^{ n }with $\stackrel{\u0304}{S}\subseteq S$, if there is an

*α >*0 such that

*x*to $\stackrel{\u0304}{S}$, i.e.,

An ordinary way to deal with weak sharp minima is using the tools of variational analysis, such as subdifferentials and normal cones or various generalized derivatives and tangent cones. However, we study in this paper the concept of weak sharp minima from a new perspective. The nonconvex and convex cases are treated separately. Specifically, for the nonconvex case, we establish the close relationship between weak sharp minima and the generalized semi-infinite max-min programming (see (2.2) below). To the best of our knowledge, these results do not appear explicitly in the literature. For the convex case, we use conjugate functions to characterize weak sharp minima. This gives a unified way to deal with different problems, such as convex inequality system and affine convex inclusion. Finally, applications of weak sharp minima to algorithm analysis for solving variational inequality problem are given.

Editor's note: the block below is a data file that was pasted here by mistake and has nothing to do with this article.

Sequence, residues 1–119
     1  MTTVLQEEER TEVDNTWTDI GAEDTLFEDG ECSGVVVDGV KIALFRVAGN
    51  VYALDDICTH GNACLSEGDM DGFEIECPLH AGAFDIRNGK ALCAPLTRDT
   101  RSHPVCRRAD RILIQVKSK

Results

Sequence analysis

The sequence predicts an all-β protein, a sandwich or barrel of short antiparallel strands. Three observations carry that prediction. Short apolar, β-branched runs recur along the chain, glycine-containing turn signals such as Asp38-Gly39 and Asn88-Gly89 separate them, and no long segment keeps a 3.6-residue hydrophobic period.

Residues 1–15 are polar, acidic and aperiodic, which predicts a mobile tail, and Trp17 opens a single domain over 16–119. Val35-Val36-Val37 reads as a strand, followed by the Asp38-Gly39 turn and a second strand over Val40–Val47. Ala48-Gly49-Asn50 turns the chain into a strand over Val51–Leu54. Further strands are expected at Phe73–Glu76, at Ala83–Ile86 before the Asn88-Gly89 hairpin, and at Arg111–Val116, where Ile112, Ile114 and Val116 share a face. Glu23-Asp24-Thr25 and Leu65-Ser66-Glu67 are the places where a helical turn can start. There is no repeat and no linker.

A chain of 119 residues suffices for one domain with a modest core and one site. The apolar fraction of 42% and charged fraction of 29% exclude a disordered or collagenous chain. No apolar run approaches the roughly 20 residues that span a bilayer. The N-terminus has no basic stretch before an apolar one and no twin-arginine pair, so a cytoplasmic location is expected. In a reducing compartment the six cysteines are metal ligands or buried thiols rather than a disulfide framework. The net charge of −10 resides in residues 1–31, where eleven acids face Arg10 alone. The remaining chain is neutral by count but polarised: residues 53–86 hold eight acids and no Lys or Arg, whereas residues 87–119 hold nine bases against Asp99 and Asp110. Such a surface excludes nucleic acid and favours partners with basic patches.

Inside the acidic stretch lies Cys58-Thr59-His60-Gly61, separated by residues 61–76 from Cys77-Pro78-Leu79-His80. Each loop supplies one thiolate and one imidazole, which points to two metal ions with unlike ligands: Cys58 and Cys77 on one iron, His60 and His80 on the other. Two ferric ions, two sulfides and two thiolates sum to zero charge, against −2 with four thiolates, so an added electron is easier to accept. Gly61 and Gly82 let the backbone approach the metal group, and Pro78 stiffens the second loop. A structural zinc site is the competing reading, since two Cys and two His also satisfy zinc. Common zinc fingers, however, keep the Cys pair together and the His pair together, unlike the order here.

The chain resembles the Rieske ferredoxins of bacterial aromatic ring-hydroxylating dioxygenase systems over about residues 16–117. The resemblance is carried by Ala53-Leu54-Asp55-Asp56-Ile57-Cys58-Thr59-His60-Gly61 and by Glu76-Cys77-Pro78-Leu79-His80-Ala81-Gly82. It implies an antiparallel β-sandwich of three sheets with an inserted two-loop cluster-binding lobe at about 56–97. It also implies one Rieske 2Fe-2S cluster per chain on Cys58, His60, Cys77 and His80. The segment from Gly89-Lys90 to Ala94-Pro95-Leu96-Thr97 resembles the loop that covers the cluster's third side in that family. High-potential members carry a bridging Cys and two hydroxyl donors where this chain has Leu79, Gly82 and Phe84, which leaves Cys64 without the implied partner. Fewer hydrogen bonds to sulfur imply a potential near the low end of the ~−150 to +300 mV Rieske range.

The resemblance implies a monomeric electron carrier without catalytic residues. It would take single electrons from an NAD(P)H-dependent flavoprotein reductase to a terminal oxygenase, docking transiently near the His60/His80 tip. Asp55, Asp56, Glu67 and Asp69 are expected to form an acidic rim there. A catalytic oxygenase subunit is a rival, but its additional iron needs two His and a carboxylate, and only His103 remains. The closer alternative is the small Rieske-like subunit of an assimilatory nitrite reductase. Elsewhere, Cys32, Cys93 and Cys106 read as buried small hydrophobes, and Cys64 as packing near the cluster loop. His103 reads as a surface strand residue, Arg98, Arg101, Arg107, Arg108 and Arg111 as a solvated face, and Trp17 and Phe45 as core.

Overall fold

*A*⊂ ℝ

^{ n }, we denote its

*closure*and

*convex hull*as cl

*A*and conv

*A*, respectively. Denote its

*polar cone*as

*indicator function*and

*support function*of

*A*are defined by

*conjugate function*of a function

*f*: ℝ

^{ n }→ ℝ is

*f***(

*x*) = (

*f**)

***(

*x*), i.e., the conjugate of

*f**. The inf-convolution operation between

*f*

_{1}and

*f*

_{2}is

The rest of the paper is organized as follows. The relationship between weak sharp minima and generalized semi-infinite programming is established in Section 2. In Section 3, we characterize the weak sharpness by using conjugate duality.